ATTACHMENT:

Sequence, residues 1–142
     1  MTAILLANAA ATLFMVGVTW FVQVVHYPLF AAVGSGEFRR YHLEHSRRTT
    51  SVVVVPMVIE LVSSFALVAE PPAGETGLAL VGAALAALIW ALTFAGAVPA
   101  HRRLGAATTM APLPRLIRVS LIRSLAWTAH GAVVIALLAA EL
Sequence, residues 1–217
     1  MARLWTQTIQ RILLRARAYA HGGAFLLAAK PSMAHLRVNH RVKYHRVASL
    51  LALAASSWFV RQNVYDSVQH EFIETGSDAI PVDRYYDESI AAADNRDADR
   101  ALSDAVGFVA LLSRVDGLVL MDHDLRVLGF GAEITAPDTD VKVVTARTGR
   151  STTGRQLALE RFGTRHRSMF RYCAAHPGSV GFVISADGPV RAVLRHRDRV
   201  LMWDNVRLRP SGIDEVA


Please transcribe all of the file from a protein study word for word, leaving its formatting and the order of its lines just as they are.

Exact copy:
Sequence, residues 1–142
     1  MTAILLANAA ATLFMVGVTW FVQVVHYPLF AAVGSGEFRR YHLEHSRRTT
    51  SVVVVPMVIE LVSSFALVAE PPAGETGLAL VGAALAALIW ALTFAGAVPA
   101  HRRLGAATTM APLPRLIRVS LIRSLAWTAH GAVVIALLAA EL
Sequence, residues 1–217
     1  MARLWTQTIQ RILLRARAYA HGGAFLLAAK PSMAHLRVNH RVKYHRVASL
    51  LALAASSWFV RQNVYDSVQH EFIETGSDAI PVDRYYDESI AAADNRDADR
   101  ALSDAVGFVA LLSRVDGLVL MDHDLRVLGF GAEITAPDTD VKVVTARTGR
   151  STTGRQLALE RFGTRHRSMF RYCAAHPGSV GFVISADGPV RAVLRHRDRV
   201  LMWDNVRLRP SGIDEVA